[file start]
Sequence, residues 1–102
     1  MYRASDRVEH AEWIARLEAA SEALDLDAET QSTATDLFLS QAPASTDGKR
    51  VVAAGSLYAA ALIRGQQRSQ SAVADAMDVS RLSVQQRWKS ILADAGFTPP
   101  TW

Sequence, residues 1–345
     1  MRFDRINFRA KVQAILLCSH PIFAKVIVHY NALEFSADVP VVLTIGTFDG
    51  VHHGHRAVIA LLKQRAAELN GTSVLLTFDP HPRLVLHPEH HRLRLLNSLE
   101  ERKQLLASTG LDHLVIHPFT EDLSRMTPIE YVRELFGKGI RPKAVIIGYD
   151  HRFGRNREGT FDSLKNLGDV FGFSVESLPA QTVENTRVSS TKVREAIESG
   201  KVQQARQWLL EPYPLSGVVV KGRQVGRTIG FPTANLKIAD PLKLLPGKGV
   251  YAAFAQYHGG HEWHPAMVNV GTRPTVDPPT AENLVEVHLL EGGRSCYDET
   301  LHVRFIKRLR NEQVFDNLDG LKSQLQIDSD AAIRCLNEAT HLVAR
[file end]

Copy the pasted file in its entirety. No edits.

Sequence, residues 1–102
     1  MYRASDRVEH AEWIARLEAA SEALDLDAET QSTATDLFLS QAPASTDGKR
    51  VVAAGSLYAA ALIRGQQRSQ SAVADAMDVS RLSVQQRWKS ILADAGFTPP
   101  TW

Sequence, residues 1–345
     1  MRFDRINFRA KVQAILLCSH PIFAKVIVHY NALEFSADVP VVLTIGTFDG
    51  VHHGHRAVIA LLKQRAAELN GTSVLLTFDP HPRLVLHPEH HRLRLLNSLE
   101  ERKQLLASTG LDHLVIHPFT EDLSRMTPIE YVRELFGKGI RPKAVIIGYD
   151  HRFGRNREGT FDSLKNLGDV FGFSVESLPA QTVENTRVSS TKVREAIESG
   201  KVQQARQWLL EPYPLSGVVV KGRQVGRTIG FPTANLKIAD PLKLLPGKGV
   251  YAAFAQYHGG HEWHPAMVNV GTRPTVDPPT AENLVEVHLL EGGRSCYDET
   301  LHVRFIKRLR NEQVFDNLDG LKSQLQIDSD AAIRCLNEAT HLVAR